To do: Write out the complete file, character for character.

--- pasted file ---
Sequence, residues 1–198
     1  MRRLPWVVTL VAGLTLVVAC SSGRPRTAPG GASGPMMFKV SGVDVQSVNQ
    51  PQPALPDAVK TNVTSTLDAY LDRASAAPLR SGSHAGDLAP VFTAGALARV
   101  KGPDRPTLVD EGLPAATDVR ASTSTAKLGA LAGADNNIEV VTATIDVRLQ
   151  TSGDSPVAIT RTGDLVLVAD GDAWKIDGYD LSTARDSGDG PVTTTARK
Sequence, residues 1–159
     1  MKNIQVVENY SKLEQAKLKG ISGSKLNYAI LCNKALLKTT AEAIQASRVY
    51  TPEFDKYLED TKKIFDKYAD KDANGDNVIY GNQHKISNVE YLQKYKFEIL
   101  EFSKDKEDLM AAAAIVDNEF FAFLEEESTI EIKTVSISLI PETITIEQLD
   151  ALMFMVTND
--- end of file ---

Sequence, residues 1–198
     1  MRRLPWVVTL VAGLTLVVAC SSGRPRTAPG GASGPMMFKV SGVDVQSVNQ
    51  PQPALPDAVK TNVTSTLDAY LDRASAAPLR SGSHAGDLAP VFTAGALARV
   101  KGPDRPTLVD EGLPAATDVR ASTSTAKLGA LAGADNNIEV VTATIDVRLQ
   151  TSGDSPVAIT RTGDLVLVAD GDAWKIDGYD LSTARDSGDG PVTTTARK
Sequence, residues 1–159
     1  MKNIQVVENY SKLEQAKLKG ISGSKLNYAI LCNKALLKTT AEAIQASRVY
    51  TPEFDKYLED TKKIFDKYAD KDANGDNVIY GNQHKISNVE YLQKYKFEIL
   101  EFSKDKEDLM AAAAIVDNEF FAFLEEESTI EIKTVSISLI PETITIEQLD
   151  ALMFMVTND